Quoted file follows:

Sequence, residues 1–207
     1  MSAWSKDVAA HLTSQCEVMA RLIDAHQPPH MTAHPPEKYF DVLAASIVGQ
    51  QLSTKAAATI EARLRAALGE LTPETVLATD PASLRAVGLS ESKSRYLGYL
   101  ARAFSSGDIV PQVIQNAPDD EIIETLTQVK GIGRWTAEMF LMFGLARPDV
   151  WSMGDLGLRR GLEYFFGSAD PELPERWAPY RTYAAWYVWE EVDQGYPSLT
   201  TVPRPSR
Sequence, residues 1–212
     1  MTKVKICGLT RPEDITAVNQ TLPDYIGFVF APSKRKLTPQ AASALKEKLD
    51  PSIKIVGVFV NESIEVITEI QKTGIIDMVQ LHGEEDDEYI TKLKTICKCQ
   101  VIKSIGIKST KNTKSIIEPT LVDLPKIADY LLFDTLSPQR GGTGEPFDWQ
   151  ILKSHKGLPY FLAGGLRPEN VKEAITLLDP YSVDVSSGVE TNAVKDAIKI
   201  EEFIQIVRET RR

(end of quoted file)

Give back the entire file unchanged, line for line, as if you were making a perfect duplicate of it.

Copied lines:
Sequence, residues 1–207
     1  MSAWSKDVAA HLTSQCEVMA RLIDAHQPPH MTAHPPEKYF DVLAASIVGQ
    51  QLSTKAAATI EARLRAALGE LTPETVLATD PASLRAVGLS ESKSRYLGYL
   101  ARAFSSGDIV PQVIQNAPDD EIIETLTQVK GIGRWTAEMF LMFGLARPDV
   151  WSMGDLGLRR GLEYFFGSAD PELPERWAPY RTYAAWYVWE EVDQGYPSLT
   201  TVPRPSR
Sequence, residues 1–212
     1  MTKVKICGLT RPEDITAVNQ TLPDYIGFVF APSKRKLTPQ AASALKEKLD
    51  PSIKIVGVFV NESIEVITEI QKTGIIDMVQ LHGEEDDEYI TKLKTICKCQ
   101  VIKSIGIKST KNTKSIIEPT LVDLPKIADY LLFDTLSPQR GGTGEPFDWQ
   151  ILKSHKGLPY FLAGGLRPEN VKEAITLLDP YSVDVSSGVE TNAVKDAIKI
   201  EEFIQIVRET RR